IPv6 Network Administration

IPv6 Network Administration

Niall Richard Murphy, David Malone

Language: English

Pages: 594


Format: PDF / Kindle (mobi) / ePub

What once seemed nearly impossible has turned into reality. The number of available Internet addresses is now nearly exhausted, due mostly to the explosion of commercial websites and entries from an expanding number of countries. This growing shortage has effectively put the Internet community--and some of its most brilliant engineers--on alert for the last decade.Their solution was to create IPv6, a new Internet standard which will ultimately replace the current and antiquated IPv4. As the new backbone of the Internet, this new protocol would fix the most difficult problems that the Internet faces today--scalability and management. And even though IPv6's implementation has met with some resistance over the past few years, all signs are now pointing to its gradual worldwide adoption in the very near future. Sooner or later, all network administrators will need to understand IPv6, and now is a good time to get started.IPv6 Network Administration offers administrators the complete inside info on IPv6. This book reveals the many benefits as well as the potential downsides of this next-generation protocol. It also shows readers exactly how to set up and administer an IPv6 network.A must-have for network administrators everywhere, IPv6 Network Administration delivers an even-handed approach to what will be the most fundamental change to the Internet since its inception. Some of the other IPv6 assets that are covered include:routingintegrated auto-configurationquality-of-services (QoS)enhanced mobilityend-to-end securityIPv6 Network Administration explains what works, what doesn't, and most of all, what's practical when considering upgrading networks from the current protocol to IPv6.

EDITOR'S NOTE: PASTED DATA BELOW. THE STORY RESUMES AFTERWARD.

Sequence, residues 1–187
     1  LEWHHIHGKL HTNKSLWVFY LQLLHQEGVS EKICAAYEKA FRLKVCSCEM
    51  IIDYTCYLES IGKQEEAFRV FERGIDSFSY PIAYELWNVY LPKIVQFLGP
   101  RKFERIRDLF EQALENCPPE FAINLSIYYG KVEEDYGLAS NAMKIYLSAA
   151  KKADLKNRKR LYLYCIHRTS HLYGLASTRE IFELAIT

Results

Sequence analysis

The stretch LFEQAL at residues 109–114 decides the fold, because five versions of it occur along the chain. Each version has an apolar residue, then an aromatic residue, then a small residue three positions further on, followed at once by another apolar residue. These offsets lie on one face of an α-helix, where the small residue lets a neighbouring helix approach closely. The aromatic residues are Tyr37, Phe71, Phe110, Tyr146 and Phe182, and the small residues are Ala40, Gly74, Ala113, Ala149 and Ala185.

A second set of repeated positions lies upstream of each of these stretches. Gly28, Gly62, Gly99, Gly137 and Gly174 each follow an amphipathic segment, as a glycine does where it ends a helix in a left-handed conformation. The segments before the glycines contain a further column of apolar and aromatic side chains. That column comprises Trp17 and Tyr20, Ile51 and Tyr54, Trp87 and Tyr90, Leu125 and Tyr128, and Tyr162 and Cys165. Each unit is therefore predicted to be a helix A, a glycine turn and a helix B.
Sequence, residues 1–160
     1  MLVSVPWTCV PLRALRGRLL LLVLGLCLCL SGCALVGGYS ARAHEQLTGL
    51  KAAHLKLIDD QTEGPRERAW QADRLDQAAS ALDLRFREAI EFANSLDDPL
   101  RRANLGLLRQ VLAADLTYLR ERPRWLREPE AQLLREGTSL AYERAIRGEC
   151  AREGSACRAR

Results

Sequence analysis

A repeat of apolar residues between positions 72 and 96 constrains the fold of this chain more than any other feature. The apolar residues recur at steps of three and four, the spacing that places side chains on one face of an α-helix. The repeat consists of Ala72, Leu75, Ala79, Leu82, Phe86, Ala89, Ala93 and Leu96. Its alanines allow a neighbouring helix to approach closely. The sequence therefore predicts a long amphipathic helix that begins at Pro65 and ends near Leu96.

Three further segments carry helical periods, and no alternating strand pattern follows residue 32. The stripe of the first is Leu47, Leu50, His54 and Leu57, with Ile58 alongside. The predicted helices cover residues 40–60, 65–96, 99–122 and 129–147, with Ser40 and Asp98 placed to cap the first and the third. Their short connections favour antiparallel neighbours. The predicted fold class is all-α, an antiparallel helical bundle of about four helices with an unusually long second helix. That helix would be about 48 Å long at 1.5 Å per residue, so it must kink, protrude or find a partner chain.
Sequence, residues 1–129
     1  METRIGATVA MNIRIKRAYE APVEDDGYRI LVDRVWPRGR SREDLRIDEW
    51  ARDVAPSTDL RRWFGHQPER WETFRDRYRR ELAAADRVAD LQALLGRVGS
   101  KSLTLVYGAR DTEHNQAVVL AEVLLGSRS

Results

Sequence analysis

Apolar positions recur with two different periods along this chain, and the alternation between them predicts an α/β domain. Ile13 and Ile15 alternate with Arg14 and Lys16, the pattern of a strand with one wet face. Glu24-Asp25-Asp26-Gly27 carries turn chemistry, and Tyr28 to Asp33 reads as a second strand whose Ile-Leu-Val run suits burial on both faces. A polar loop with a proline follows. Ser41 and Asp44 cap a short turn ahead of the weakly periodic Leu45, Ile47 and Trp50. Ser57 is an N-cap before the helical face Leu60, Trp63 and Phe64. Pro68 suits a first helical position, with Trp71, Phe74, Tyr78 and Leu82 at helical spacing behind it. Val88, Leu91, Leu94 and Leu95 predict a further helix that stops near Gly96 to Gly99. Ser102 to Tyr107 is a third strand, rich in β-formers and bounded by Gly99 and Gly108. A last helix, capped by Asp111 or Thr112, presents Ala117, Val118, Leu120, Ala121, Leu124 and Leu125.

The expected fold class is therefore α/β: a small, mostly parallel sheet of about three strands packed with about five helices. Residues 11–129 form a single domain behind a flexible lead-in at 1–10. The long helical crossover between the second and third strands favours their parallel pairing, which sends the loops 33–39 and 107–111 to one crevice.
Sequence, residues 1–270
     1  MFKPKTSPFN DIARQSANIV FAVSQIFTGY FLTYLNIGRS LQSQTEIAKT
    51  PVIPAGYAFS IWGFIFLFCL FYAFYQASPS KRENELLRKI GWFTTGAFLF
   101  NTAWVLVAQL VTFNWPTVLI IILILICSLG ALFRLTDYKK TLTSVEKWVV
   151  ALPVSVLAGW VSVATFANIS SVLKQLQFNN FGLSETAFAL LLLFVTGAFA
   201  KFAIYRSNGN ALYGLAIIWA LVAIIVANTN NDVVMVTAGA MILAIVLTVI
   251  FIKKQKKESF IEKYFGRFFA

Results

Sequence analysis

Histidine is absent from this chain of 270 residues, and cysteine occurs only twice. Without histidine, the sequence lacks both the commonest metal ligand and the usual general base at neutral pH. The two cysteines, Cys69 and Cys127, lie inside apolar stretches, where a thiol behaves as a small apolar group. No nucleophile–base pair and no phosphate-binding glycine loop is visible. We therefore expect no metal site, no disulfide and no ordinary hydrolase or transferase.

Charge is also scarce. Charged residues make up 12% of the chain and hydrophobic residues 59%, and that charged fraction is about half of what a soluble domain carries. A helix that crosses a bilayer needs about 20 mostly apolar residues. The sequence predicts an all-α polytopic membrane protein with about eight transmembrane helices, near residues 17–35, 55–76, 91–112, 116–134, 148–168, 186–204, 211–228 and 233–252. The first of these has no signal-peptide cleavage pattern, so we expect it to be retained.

its sales team have run out of addresses, but R&D have some spare. If R&D are using less than half of the 256 addresses in their /24 say, then a /25 could be reclaimed and assigned to sales. IPv6 can subnet too. It uses the CIDR notation developed for IPv4 as well, which is a way of specifying the size of a network in addition to the actual network number. An example from IPv4 is, which is the old "class B" network of University College Dublin. Similarly, 2001:770:10::/48 is the

matches destination. 2 Prefer if appropriate scope. 3 Avoid if addresses are deprecated. 4a Prefer addresses that are simultaneously home and care-of. 4b Prefer home addresses over care-of (may have sense reversed by configurable setting). 5 Prefer address on interface closest to destination. 6 Prefer if policy label of source matches destination. 7 Prefer public addresses (may have sense reversed by configurable setting). 8 Use longest matching prefix. Table

of IPv4 addresses, akin to dialup hosts sharing addresses out of a pool. The fact that these dual-stacked hosts can originate and receive IPv6 and IPv4 packets is extremely powerful, allowing them to form a connection between IPv4 and IPv6 networks. We'll look at ways in which this is possible next. Configured Tunnelling This is, in many ways, the simplest of transition mechanisms, although it is not as easily maintainable as others because it involves manually configuring some

plan to do some small scale testing, you may want to add names for some of the IPv6 addresses you will be using. For small scale testing, setting up DNS records (as we describe in Section 6.1 of Chapter 6) may be too heavy-duty, especially if the DNS server is not under your direct control. For this type of situation, it may be sufficient to add addresses to the /etc/hosts file, or its equivalent. Table 5-9 shows how to configure DNS resolving over IPv6, if it is available.[11] In some cases,

this problem would be to become a POP for some tunnel broker service such as http://www.sixxs.net/. We'll talk about the more service-oriented transition mechanisms, application proxies and port forwarding in particular, in Chapter 7. 6to4 Relay Routers Setting up a 6to4 relay router is actually quite a good way for an ISP to begin offering IPv6 services. Currently if an ISP's customers use 6to4 as a way to experiment with IPv6, their traffic may travel around the world before reaching

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